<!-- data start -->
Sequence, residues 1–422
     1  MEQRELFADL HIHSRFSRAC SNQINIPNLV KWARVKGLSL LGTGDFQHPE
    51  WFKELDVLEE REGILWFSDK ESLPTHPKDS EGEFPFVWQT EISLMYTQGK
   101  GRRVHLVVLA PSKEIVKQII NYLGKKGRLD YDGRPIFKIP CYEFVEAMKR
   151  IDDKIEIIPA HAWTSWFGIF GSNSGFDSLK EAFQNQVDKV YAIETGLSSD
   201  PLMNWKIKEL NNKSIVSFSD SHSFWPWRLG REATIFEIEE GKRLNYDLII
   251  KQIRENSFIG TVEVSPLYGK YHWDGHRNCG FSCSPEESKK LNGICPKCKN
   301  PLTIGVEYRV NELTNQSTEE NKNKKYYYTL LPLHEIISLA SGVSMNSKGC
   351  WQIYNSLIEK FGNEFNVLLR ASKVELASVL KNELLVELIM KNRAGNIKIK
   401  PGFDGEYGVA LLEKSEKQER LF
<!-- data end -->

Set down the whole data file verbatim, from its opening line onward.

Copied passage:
Sequence, residues 1–422
     1  MEQRELFADL HIHSRFSRAC SNQINIPNLV KWARVKGLSL LGTGDFQHPE
    51  WFKELDVLEE REGILWFSDK ESLPTHPKDS EGEFPFVWQT EISLMYTQGK
   101  GRRVHLVVLA PSKEIVKQII NYLGKKGRLD YDGRPIFKIP CYEFVEAMKR
   151  IDDKIEIIPA HAWTSWFGIF GSNSGFDSLK EAFQNQVDKV YAIETGLSSD
   201  PLMNWKIKEL NNKSIVSFSD SHSFWPWRLG REATIFEIEE GKRLNYDLII
   251  KQIRENSFIG TVEVSPLYGK YHWDGHRNCG FSCSPEESKK LNGICPKCKN
   301  PLTIGVEYRV NELTNQSTEE NKNKKYYYTL LPLHEIISLA SGVSMNSKGC
   351  WQIYNSLIEK FGNEFNVLLR ASKVELASVL KNELLVELIM KNRAGNIKIK
   401  PGFDGEYGVA LLEKSEKQER LF